Transitioning Academic Research into Industry

14th August, 2019

By Dr Chloe Moss, Analyst, Health Enterprise East

Originally published by Med-Tech Innovation News

Back to School

The NHS is crying out for innovation: Matt Hancock has rarely missed an opportunity to highlight the ever-growing demand for advances in medical technology, and this need for innovation in healthcare is also referenced in the NHS Long-Term Plan. Thankfully, in the UK we have world-class researchers working on some of the latest technology innovations to help improve and transform the NHS. Unfortunately, too many of these potentially transformative ideas wither on the vine, as innovators fall at one of the many hurdles in translating a medtech solution from bench to bedside.

Think like a business, not an academic

Adopting a business mindset that hones in on the true value a new product is critical to large-scale adoption. This means innovators going beyond simply highlighting the technical advances offered by their new product, and instead providing data on the wider commercial value of that technology, such as the size of the market, the cost-benefit of the solution as well as any hidden costs (e.g. will staff need to be re-trained before using a new medtech device? Are there storage and maintenance considerations?). This approach will ensure academics are well-placed to make a commercial case for adoption to NHS procurement teams.

Moreover, healthcare systems increasingly insist on health economics data to evidence an innovation’s clinical effectiveness and associated cost-savings. Undertaking a careful assessment of economic factors during early-stage development, will help inform both innovators and future customers what the potential impact of the product is, based on empirical data and statistics.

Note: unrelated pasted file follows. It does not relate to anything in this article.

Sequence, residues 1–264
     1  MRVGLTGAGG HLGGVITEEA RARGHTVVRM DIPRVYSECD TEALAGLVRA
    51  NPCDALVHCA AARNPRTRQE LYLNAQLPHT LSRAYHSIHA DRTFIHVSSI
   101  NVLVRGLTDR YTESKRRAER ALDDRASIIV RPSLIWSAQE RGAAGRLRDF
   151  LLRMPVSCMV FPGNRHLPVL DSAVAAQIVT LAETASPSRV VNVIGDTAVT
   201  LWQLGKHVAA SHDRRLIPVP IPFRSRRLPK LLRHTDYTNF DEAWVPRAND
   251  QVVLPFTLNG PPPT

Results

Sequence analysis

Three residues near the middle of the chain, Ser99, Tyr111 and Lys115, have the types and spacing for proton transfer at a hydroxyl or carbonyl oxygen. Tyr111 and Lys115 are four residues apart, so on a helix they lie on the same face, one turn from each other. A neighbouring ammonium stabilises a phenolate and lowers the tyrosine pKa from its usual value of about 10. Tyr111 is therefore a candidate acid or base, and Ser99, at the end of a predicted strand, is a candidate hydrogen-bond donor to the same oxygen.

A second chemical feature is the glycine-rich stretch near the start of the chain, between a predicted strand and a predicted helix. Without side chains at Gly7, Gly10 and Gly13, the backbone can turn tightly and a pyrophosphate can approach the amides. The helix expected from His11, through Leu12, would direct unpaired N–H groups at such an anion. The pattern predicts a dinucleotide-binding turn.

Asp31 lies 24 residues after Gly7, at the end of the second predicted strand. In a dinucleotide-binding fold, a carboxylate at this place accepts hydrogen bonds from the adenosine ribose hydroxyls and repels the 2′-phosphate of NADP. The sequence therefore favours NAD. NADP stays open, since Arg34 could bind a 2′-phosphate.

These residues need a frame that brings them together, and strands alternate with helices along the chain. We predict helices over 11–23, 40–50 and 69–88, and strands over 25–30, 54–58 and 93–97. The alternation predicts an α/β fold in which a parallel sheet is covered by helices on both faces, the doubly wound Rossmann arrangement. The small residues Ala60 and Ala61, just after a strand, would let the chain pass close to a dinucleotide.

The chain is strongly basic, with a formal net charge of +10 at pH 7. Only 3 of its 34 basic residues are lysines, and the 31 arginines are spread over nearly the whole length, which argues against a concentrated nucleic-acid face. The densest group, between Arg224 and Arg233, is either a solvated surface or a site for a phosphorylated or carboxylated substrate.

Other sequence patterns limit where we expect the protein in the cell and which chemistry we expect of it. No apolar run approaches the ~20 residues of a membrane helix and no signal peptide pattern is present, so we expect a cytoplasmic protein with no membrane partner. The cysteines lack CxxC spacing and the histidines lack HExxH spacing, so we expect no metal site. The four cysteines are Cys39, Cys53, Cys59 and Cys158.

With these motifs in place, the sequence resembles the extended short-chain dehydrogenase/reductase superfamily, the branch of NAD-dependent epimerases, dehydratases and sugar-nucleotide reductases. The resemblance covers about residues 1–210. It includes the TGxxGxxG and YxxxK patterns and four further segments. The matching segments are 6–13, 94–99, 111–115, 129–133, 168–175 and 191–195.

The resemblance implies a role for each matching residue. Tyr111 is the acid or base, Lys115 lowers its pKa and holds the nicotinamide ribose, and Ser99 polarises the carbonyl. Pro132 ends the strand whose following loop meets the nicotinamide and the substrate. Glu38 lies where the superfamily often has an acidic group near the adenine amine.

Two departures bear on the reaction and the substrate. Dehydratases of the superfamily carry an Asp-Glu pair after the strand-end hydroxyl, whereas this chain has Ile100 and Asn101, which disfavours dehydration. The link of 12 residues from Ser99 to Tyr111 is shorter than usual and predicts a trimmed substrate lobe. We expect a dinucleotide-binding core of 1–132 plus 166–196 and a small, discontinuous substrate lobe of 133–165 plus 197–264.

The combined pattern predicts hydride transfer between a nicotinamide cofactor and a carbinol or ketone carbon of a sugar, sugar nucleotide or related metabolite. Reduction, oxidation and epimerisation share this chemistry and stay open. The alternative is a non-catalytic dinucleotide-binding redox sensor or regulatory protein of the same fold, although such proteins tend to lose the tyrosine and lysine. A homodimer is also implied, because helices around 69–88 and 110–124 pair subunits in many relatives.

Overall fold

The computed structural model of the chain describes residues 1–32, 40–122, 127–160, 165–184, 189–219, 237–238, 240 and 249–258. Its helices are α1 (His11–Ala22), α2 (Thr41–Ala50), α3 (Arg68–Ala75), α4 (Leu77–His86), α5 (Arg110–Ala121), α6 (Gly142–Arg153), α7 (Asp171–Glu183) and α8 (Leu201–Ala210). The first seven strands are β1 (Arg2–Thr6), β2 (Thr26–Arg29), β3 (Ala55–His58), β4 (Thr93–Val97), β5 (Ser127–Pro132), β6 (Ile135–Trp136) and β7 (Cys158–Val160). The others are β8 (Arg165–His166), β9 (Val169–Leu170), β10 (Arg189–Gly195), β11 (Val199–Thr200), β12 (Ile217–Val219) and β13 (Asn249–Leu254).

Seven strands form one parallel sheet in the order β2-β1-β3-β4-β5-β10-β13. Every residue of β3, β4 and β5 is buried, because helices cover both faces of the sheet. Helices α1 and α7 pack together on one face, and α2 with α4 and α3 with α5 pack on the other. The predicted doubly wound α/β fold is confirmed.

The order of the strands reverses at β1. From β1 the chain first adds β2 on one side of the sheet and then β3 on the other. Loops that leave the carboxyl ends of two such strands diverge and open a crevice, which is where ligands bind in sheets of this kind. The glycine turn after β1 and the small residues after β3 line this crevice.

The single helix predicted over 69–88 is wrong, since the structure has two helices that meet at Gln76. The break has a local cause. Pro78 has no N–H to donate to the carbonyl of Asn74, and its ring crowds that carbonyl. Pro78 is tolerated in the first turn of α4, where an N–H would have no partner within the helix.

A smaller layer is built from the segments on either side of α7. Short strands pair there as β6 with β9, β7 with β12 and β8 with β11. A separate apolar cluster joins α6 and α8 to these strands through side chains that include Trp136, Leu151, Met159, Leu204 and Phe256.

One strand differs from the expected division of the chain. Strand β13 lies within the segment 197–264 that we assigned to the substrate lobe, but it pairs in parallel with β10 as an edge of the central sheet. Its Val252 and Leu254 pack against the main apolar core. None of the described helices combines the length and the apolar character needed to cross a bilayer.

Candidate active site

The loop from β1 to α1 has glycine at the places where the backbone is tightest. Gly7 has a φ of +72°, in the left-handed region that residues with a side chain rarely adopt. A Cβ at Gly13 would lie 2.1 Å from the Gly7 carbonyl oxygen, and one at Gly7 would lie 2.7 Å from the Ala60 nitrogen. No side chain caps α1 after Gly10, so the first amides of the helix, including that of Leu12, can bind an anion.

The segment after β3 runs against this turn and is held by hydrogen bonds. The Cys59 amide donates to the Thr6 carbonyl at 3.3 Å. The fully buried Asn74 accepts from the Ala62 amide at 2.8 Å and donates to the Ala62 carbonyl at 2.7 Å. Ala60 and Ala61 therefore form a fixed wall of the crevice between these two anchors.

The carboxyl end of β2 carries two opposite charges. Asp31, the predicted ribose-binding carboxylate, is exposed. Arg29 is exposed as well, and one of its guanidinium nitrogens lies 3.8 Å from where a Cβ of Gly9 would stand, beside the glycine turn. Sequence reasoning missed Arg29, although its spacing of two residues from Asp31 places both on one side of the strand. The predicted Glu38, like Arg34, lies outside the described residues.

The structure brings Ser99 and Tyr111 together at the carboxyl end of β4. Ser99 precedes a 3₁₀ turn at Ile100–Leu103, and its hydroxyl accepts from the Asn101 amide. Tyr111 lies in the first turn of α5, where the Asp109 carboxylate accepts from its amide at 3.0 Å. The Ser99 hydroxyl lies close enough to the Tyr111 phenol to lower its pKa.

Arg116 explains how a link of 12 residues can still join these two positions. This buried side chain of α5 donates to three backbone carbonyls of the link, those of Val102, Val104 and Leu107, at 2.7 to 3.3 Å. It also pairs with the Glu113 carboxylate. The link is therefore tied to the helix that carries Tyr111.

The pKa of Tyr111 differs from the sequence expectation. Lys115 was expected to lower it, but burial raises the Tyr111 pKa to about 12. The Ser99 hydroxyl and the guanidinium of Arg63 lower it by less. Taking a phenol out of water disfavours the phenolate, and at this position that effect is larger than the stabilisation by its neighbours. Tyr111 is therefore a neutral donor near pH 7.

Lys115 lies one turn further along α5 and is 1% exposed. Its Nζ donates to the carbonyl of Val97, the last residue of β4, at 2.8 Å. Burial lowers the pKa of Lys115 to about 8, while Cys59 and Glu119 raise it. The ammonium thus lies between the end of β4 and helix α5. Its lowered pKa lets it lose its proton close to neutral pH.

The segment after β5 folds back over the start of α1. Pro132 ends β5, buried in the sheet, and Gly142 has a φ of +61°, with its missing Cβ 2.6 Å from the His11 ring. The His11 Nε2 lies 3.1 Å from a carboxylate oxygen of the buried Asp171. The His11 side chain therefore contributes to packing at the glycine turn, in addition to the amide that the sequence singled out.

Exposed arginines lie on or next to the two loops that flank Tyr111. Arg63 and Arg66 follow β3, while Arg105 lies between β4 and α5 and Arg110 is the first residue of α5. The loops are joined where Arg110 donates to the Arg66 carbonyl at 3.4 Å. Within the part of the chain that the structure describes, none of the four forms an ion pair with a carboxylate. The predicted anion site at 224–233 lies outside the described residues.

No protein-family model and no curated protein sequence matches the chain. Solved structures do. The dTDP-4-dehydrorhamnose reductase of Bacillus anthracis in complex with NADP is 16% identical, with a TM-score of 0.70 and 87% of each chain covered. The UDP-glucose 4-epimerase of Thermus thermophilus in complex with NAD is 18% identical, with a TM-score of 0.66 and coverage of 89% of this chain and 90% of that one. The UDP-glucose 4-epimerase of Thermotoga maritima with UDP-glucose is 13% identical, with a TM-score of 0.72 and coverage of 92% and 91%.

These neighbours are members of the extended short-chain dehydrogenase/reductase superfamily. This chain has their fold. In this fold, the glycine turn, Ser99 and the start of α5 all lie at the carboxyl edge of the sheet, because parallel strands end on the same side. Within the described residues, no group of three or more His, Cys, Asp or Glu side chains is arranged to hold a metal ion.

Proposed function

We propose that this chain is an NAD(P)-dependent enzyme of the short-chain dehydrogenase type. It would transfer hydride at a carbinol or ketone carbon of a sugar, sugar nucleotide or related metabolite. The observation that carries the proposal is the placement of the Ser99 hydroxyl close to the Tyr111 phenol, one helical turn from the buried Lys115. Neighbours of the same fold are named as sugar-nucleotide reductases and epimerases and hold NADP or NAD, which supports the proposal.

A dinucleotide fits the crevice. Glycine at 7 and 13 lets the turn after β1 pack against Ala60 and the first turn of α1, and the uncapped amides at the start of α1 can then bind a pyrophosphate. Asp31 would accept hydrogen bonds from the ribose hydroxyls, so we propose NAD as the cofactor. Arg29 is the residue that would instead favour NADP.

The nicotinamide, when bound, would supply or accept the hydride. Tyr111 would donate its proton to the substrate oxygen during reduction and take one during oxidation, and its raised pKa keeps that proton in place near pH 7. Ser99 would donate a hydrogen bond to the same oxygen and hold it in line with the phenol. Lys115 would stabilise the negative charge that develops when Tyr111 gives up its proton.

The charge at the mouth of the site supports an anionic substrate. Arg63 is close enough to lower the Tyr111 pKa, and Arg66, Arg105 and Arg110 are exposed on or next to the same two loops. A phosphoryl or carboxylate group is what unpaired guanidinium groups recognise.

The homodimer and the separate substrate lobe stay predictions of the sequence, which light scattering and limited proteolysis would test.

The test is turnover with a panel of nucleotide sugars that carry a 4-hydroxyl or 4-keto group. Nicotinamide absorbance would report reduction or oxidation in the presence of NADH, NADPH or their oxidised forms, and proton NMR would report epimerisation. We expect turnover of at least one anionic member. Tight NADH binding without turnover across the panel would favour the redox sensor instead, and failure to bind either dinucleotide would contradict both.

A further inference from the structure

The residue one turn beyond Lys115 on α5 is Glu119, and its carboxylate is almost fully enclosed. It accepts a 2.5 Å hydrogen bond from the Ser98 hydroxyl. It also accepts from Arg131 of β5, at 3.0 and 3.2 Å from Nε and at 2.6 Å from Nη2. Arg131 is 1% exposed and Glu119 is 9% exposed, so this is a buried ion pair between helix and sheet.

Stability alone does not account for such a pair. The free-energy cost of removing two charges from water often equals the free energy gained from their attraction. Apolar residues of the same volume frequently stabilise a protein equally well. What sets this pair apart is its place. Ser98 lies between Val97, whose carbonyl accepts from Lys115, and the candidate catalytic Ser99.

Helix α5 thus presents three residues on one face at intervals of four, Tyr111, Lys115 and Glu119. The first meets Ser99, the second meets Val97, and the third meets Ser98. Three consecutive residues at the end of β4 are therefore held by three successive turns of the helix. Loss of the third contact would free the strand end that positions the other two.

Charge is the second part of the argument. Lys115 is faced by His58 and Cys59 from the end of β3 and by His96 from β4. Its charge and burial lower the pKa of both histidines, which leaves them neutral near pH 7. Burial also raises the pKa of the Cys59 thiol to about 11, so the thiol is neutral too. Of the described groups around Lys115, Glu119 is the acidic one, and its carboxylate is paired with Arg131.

Tapping into industry expertise

Academics can be reluctant to engage with industry about their innovations, with many concerned that they could lose control over their projects. This is a common misconception. The reality is that early engagement with ‘industry’ – which includes a wide range of private companies as well as the technology transfer organisations and other not-for-profit agencies, specifically designed to support innovators – can be extremely helpful not only when developing a clear commercial strategy and business plan, but also when seeking new funding channels. Dialogue with industry could also help secure early buy-in from industry champions and provide insights from experts on navigating regulatory requirements.

Securing funding

‘Going it alone’, when it comes to funding, can be tricky. There are a wide range of publicly funded grants available, but it can be difficult to work out which funding source is most appropriate. Many funding schemes, such as those offered by the Medical Research Council (MRC), are increasingly placing emphasis on translational research, including funding streams which fund drug discovery clinical trials.

Government-funded initiatives are also accelerating innovation by funding and facilitating cross-disciplinary development. The National Institute for Health Research (NIHR), for example, has substantial funding from the government’s Department of Health and Social Care, and alongside the Academic Health Science Network (AHSN), has access to funds to help innovators develop technologies to improve NHS services outside of the traditional hospital environment.

How to find the perfect partner

If you are working in a university, an excellent first port of call is the University Technology Transfer Office (TTO). TTOs are designed to facilitate scientific translation and advise on intellectual property and spin-out options. If you are a clinician then there are R&D offices and commercial units within most hospital trusts. Similarly, innovation hubs such as Health Enterprise East work alongside clinicians and their academic partners to develop their innovations into tangible medtech solutions.

Another useful route is via the Academic Health Science Networks (AHSNs), which specialise in bridging the gap between academics, clinicians and industry for market-ready innovations. AHSNs can help signpost innovators towards the most appropriate industry leads for the project and offer guidance on funding sources.

From academia to innovation

Academic research lies at the forefront of delivering innovation, but without an understanding of the innovation pathway and of the wider resources available, turning medtech ideas into practical solutions can be challenging. The key here is to collaborate with the industry, and to start those discussions as early as possible during product development to ensure you can navigate the path to success.

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